I started teaching when I was 20. Hindsight is 20/20, though I felt well prepared on pedagogy and psychology of the child, the contrast between teacher preparation courses and actually being a teacher was staggering. I stumbled through lesson plans and cursed at my teacher-preparation courses for not giving me the guidance I was craving. I wish this was more of a unique story, but unfortunately many of us teachers feel thrown to the wolves when we start teaching.
Becoming a teacher was intimidating and everyday felt like a new challenge. But 12 years later I continue to teach, not because the challenges have stopped, but because I have found my chemistry community and support system through joining Beyond Benign. The Lead Teacher program broadens my network of chemistry teachers and cultivates a community of learning of how to best adopt green chemistry into our classrooms. Within this community, I have found a mentor in Annette Sebuyira.
Annette has 26 years of experience and is my constant source of guidance, insights, resources, and methodologies. Anyone who has met Annette knows she’s a fantastic teacher, but luckily the state of New York has made it undeniable by making her a NY Master Teacher. She mentors me in developing as a chemistry teacher and gives advice like, “relate chemistry to cooking for new science teachers” and “do Halloween labs of making ooblek and a non-burning scarecrow.”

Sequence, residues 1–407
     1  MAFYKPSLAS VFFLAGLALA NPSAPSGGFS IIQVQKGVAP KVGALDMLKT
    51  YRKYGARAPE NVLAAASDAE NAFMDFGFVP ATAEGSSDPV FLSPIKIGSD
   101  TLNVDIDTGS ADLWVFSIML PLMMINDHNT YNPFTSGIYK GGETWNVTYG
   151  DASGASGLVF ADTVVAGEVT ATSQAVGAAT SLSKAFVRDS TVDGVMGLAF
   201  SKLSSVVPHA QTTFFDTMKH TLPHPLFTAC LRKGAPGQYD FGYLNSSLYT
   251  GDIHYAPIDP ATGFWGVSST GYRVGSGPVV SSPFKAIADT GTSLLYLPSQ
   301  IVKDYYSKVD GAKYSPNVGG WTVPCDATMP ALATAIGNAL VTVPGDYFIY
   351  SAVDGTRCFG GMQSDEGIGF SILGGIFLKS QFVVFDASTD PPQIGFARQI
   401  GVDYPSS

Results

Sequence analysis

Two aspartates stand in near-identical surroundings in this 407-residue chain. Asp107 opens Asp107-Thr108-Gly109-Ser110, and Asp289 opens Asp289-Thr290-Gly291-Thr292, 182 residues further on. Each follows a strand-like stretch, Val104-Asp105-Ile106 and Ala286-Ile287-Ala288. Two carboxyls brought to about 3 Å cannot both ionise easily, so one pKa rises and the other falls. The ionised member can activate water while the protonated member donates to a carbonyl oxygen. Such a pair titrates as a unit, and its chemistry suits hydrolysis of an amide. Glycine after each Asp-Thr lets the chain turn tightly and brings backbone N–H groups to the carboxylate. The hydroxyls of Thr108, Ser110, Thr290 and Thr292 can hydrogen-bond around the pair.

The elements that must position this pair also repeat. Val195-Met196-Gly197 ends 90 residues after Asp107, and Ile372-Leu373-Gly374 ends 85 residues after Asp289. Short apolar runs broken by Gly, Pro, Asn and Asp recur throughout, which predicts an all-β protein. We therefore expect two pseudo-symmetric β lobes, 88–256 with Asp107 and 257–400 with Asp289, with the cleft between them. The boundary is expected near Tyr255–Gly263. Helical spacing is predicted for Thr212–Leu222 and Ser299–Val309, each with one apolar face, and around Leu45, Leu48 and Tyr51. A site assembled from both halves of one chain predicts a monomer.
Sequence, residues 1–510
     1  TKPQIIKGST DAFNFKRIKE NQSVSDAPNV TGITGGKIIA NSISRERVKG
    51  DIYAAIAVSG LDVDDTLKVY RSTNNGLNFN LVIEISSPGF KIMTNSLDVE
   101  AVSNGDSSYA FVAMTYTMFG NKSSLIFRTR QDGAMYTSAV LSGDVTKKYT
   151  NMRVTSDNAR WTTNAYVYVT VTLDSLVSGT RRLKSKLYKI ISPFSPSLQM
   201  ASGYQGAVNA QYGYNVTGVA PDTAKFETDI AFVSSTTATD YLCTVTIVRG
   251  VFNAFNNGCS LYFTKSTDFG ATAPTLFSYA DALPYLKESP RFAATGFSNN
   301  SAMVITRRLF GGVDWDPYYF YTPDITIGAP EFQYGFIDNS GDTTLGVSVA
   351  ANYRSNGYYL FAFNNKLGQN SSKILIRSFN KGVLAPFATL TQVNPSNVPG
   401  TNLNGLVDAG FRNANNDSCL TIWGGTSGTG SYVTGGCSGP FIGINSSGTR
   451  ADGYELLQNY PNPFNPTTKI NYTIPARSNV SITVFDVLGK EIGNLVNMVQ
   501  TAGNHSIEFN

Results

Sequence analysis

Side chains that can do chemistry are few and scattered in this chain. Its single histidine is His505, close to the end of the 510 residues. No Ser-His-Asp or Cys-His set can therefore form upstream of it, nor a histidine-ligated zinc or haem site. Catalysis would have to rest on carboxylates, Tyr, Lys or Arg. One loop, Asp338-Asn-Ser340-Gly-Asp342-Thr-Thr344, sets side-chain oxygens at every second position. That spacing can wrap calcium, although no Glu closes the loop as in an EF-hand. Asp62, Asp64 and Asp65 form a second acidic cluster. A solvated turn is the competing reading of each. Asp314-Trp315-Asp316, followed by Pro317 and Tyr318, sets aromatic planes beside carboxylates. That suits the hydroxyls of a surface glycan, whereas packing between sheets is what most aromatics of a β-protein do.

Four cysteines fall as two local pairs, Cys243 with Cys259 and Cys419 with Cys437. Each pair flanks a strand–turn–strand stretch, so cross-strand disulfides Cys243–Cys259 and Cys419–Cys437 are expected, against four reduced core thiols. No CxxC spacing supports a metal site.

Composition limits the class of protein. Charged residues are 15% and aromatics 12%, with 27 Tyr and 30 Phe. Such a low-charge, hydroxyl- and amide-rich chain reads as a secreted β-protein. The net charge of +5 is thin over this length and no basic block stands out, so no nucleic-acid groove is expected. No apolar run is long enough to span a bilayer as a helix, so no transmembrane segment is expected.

When I first started teaching, I had felt behind and as if I should have known more that I did. Therefore, when I started teaching green chemistry, those same feelings crept back. However, Annette taught me that we are all learning how to best teach chemistry in a sustainable and safe way. Green chemistry education is a new frontier, and it is best explored as a team. She helps me navigate colleagues resistant to using benign materials and helps me keep the ‘wow’ factor in labs without the high risk. She shares, “You could do something as simple as a household ammonia fountain that’s as beautiful as the more dramatic demos. Or you could do an instant precipitation with sodium carbonate and calcium chloride instead of barium sulfate and lead nitrate.” With Annette as my role model, I have grown confident in my teaching of green chemistry.
With green chemistry education being a relatively new field, it means that we all had to pivot to change our style and adopt green chemistry into our curriculum. We’re constantly learning and teaching each other because we’re passionate about our students becoming responsible global citizens. Like my relationship with Annette, the Lead Teacher team looks towards each other for advice and counsel. With an average of 17 years of classroom experience, Lead Teachers are treasure trove of chemistry insight coupled with an excitement to learn how to ‘green’ their classrooms. We carry the ideology of ‘for teachers, by teachers’ from curriculum curating to classroom advice. This community grows stronger with teachers outside of the Lead Teacher program, like those from the American Association of Chemistry Teachers (AACT), by bringing in new insights and ideas on how to teach green chemistry. Together, we are all learning how to best adopt green chemistry into our classrooms.
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